From her father’s den to the Dragons’ Den
By Jon Tattrie
Broke, divorced and excommunicated, Arlene Dickinson contemplated her future from the discomfort of her father’s couch. A judge had just taken away custody of her four children and told her if she wanted them back, she’d have to prove she could earn enough money to take care of them. She was 31, had a high school diploma and a string of entry level jobs.
“You can’t let this define you,” her father told her as she tried to imagine a path out of his house.
It wasn’t obvious that she was about to become one of the wealthiest, most powerful and influential business figures in Canada.
Dickinson says in the early stages, entrepreneurs must have massive self-belief, mixed with a dose of self-doubt. “You can start to believe in yourself so much – and in what you’re doing so much – that you stop being able to hear what other people are telling you,” she says.
That can be a fatal mistake. It’s better to hear early marketplace mutterings about your product. Listen. Adjust.
Dickinson’s self-doubt drives her to examine every idea for weaknesses and improve them. But when it’s time to pitch, she’s all confidence.
“A lot of entrepreneurs are similar. We portray these extroverted, highly confident people, but that can sit atop a modest, introverted person,” she explains.
Dickinson made the most of her thin resume and a family connection to land a sales position on a Calgary television station in the late 1980s. She got her kids back. She found she had a talent for selling ads, but the station let her go.
Dickinson was one step closer to fortune and fame.
Some business sages argue success is best achieved when you find your passion and make it your business. Others say you should find your talent and make a business around that.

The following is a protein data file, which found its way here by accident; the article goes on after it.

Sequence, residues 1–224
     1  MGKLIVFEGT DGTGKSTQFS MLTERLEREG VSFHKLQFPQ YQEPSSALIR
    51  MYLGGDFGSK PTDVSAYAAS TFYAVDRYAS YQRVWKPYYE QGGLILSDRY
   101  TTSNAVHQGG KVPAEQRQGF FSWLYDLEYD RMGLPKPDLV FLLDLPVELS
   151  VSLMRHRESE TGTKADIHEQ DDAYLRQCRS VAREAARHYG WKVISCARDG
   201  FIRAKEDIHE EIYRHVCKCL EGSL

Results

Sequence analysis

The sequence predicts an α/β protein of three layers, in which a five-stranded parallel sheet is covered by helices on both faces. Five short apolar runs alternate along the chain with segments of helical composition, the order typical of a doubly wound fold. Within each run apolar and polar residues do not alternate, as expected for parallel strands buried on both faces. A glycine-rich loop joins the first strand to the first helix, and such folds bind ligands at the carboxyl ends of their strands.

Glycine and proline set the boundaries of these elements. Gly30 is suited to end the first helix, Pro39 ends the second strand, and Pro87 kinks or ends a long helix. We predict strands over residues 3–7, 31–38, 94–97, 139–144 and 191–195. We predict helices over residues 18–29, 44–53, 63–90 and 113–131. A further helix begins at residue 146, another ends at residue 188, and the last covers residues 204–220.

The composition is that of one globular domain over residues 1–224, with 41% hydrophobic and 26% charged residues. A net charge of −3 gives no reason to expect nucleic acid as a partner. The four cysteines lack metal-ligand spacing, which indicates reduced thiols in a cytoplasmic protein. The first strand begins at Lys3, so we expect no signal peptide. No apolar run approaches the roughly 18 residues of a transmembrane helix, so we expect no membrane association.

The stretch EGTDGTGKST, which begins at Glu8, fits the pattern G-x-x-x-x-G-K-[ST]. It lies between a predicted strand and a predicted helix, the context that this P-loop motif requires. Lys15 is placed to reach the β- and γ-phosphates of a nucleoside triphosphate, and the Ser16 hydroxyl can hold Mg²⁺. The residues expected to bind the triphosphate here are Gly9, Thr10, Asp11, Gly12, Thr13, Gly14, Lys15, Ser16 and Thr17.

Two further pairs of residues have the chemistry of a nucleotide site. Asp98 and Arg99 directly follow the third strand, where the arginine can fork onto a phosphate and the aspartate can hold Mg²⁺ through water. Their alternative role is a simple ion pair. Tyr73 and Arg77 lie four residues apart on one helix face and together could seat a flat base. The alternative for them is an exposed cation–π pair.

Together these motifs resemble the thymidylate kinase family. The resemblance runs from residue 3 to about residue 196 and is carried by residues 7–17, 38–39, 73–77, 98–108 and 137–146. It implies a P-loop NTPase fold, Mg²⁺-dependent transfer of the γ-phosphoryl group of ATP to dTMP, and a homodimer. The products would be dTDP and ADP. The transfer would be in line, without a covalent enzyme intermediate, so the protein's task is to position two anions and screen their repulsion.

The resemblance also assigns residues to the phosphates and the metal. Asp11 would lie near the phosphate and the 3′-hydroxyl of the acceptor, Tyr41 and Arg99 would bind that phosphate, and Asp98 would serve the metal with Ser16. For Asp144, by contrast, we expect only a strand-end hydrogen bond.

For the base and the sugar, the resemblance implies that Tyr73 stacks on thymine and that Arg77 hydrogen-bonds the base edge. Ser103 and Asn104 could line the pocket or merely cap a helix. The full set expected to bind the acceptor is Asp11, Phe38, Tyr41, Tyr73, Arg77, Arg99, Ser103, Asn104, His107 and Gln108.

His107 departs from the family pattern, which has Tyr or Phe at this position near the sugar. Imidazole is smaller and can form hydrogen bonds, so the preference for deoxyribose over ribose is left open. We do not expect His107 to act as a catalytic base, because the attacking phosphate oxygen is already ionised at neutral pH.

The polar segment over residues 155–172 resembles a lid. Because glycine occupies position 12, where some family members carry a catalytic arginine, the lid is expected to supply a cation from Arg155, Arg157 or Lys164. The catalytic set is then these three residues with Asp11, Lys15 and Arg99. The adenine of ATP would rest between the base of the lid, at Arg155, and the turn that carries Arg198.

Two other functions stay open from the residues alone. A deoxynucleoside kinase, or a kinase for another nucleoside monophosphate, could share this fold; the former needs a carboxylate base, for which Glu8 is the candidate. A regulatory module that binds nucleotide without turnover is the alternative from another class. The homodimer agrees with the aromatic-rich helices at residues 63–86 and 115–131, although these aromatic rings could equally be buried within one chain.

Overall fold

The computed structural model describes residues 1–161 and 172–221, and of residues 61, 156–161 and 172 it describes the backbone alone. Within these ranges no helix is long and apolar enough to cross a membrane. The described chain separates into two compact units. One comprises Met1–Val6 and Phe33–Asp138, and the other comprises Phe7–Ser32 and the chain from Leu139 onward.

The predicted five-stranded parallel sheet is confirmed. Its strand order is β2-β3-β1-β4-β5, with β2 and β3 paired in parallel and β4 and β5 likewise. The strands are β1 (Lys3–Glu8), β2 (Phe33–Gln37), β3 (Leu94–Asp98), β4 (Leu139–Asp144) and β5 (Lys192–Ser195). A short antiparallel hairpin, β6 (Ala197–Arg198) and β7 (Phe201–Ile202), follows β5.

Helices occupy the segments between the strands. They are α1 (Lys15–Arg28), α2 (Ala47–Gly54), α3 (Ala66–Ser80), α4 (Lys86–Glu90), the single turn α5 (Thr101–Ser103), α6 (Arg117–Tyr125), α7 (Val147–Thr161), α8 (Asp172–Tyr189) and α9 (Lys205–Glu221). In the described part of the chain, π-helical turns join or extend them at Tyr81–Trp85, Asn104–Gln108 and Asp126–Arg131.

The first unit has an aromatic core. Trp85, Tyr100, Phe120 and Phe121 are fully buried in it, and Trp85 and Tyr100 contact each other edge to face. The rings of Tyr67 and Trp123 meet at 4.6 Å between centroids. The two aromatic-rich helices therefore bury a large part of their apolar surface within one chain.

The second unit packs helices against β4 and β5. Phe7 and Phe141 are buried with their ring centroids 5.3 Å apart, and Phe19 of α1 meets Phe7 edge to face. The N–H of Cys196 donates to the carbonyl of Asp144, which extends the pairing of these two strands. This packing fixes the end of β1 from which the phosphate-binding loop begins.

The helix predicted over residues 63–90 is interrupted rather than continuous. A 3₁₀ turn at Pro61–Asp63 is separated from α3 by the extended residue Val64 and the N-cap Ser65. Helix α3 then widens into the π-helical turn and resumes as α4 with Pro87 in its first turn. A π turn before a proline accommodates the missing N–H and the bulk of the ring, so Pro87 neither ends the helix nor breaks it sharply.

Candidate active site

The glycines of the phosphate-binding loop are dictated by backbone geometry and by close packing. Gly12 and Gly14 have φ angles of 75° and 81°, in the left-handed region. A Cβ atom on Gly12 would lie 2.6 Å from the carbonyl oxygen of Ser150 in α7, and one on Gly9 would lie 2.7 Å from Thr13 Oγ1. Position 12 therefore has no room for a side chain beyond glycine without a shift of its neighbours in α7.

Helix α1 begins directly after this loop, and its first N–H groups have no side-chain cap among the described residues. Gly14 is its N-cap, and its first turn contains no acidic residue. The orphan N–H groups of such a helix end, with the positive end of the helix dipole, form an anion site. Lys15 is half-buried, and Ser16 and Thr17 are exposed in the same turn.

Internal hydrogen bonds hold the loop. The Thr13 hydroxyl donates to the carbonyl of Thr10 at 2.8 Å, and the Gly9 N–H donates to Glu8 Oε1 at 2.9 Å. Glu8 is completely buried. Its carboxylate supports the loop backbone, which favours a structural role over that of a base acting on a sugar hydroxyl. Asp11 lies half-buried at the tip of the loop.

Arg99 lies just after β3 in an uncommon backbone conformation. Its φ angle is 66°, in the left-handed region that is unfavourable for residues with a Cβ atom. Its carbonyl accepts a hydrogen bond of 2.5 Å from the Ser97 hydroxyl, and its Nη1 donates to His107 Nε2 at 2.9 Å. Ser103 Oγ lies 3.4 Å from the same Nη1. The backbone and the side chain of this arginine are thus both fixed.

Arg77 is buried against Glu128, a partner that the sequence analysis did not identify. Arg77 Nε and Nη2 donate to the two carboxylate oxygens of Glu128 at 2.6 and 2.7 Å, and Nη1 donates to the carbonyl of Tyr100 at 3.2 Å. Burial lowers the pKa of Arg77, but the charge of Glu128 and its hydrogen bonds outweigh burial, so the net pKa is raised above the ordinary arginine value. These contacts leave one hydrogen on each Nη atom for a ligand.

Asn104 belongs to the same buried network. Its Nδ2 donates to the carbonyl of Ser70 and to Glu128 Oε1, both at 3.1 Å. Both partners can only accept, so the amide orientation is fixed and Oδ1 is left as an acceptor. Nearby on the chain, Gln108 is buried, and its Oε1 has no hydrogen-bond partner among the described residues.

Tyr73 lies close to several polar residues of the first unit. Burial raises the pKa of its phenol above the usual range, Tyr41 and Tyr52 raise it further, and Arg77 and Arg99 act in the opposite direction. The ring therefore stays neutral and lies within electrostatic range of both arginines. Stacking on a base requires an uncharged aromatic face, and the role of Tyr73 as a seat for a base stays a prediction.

Dickinson sits between the two positions. Your passion may leave the market cold and your business will falter. But exploiting holes in the market might fail, too. “Passion is a really key indicator of whether you’re on the right track,” she says. “If you don’t love it, you might not have the drive you’re going to require to cross the finish line. You have to have a passion for what the opportunity is, otherwise you’re just building something to make money and you’re not really going to live a dream.”
Dickinson has seen thousands of business dreams. She says the successful ones start with the table stakes of a good idea. “There are very few new ideas,” she says. “It comes down to a strong idea, and the person’s ability to execute it.”
Dickinson’s ad-selling mentor had left the television station shortly before she was let go. He and a few colleagues started a marketing company called Venture Communications. He invited her to join them. She wouldn’t get a lot of money, but she would be a partner. She accepted. It was 1988. A decade later, she bought out the last remaining partner and took over the company. Her business success rocketed. Her net worth is estimated at $80 million.
Her life changed again in 2007 when she was invited to audition for Dragons’ Den, the CBC reality show which was then attracting 200,000 viewers per episode. She was skeptical. “Me, a fifty-something woman with wrinkles, on Dragons’ Den? No way. This isn’t British television after all,” she writes in her best-selling book, Persuasion.
She landed the job. Today, the show draws two million viewers and Dickinson has become an icon.